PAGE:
Humanitas University and Stanford University, an ongoing collaboration
From 7th October 2022, for three weeks, resident doctors from the Emergency Medicine course and Anaesthesia and Resuscitation course at Humanitas University had the opportunity to actively participate in the simulation of clinical cases activities and attend lectures held by two Stanford University professors: Professor Bernard Dannenberg – Clinical Professor of Emergency Medicine and Emergency Pediatrics and Professor Nicholas Andrew Pokrajac – Clinical Assistant Professor in Emergency Medicine and Head of the Stanford Simulation Centre.
“This visit represents our ongoing scientific collaboration with Stanford which we started in 2015, when Professor James Quinn from Stanford University spent a period in Hunimed as visiting Professor – explains Prof. Raffaello Furlan Full Professor of Internal Medicine at Humanitas University. Exchange and collaboration relationships are very frequent in the scientific field, especially when having previously worked on common projects and scientific studies.
In October Drs. Claudia Cecconi Ebm and Stefania Brusa organised several simulation sessions of emergency-urgency clinical cases in paediatric and adult settings for the resident doctors in Anaesthesia and Resuscitation and Emergency Medicine. “Groups of 6-7 resident doctors were present and actively took part to the cases at the Hunimed Simulation Centre, and a much larger number of doctors were able to follow remotely in classrooms connected to our Simulation Centre. “This – explains Furlan – was an important opportunity for exchange and scientific enrichment that more than a hundred resident doctors were able to benefit from”.
Aimed at training new simulation instructors, the “TRAIN THE TRAINERS 2022 Simulation Instructor Training” course was held on 25th and 26th October by Dr. Stefania Brusa and Engineer Fabio Carfagna, joined by Professor Bernard Dannenberg, Dr. Francesco Barbani and Dr. Elena Bigi. The course targeted Humanitas specialists who already had experience as simulation trainers in the Simulation Centre. The inter-university collaboration, a new feature of this edition, attracted many more participants and some extra spots were added to the course. “Simulation in learning is a very important area,” explains Dr. Francesco Barbani, Anaesthesia and Resuscitation department in AOU Careggi Firenze and Coordinator of the Simulation Centre affiliated with the specialisation school of anaesthesia and resuscitation at the University of Florence. This course introduced some simulation techniques that can be used by facilitators to train others. The trainees had the opportunity to learn about culture and, most importantly, they learned psychomotor skills such as how to do procedures and how to behave within the team. The main goal is to improve the quality of patient care.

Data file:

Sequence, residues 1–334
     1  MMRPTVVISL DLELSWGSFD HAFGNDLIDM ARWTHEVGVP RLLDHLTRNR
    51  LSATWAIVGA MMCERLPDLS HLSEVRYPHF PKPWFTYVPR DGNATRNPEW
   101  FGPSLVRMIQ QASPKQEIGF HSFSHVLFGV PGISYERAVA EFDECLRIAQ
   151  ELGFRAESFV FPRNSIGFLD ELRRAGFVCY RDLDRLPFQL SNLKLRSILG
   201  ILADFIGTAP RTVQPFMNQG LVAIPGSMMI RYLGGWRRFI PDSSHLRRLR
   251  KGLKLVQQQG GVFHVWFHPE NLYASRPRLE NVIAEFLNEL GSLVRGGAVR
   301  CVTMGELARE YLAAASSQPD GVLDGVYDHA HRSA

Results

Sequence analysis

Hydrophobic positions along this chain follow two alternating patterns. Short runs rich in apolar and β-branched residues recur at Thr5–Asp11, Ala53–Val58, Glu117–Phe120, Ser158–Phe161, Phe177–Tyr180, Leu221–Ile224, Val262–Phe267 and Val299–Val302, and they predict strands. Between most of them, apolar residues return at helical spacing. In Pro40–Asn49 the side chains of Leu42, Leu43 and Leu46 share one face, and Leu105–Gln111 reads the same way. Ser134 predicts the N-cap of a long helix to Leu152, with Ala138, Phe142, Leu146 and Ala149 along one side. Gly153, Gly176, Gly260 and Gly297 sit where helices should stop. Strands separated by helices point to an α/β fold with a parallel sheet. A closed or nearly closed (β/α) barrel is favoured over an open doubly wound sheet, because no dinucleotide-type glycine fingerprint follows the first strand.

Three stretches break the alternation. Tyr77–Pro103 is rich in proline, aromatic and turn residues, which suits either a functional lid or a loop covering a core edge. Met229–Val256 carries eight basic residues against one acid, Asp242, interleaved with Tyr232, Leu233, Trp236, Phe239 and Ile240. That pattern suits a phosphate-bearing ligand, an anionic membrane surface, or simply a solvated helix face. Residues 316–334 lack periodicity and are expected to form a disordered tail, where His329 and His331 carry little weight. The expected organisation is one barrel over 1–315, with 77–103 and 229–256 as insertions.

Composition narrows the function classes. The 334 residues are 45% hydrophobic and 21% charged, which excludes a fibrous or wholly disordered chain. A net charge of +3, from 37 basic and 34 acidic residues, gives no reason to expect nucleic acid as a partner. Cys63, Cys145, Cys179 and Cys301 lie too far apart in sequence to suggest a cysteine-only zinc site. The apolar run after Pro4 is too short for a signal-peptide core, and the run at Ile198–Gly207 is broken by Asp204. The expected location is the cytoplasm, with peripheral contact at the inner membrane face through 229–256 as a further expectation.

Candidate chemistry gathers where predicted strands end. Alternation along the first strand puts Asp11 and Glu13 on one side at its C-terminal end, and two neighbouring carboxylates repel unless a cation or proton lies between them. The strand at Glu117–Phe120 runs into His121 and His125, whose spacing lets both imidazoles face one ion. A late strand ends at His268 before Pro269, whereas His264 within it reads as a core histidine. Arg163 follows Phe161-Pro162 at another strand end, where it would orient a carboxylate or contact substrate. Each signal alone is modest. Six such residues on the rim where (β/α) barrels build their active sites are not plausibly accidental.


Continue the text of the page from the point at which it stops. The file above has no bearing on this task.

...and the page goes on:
The aim is to create a group of simulation experts who can support training activities using simulation methods that are aligned with reference standards. “This event was a great opportunity,” explains Dr. Elena Bigi, Anaesthesia and Resuscitation, Ospedale Maggiore of Bologna and Territorial Emergency 118 Emilia-Romagna, “to make training available and standardised through simulation practices in healthcare. Simulation is a very powerful tool that we need to learn to manage in the best possible way as it is not a spontaneous activity. It is therefore crucial, both for the participants and for the course providers, to share and standardise knowledge, and to do this, meetings and discussions are necessary.”
In addition, a lecture was held by Stanford University professors for the sixth-year Emergency students, as a way to experience a different approach of teaching medicine. Besides enabling knowledge exchange, the visit by the American lecturers was also an opportunity to give international scope and visibility to our Speciality Schools and to open up potential training and exchange opportunities with Stanford. It is also worth mentioning that these exchanges allow to develop opportunities for new clinical studies and common research objectives.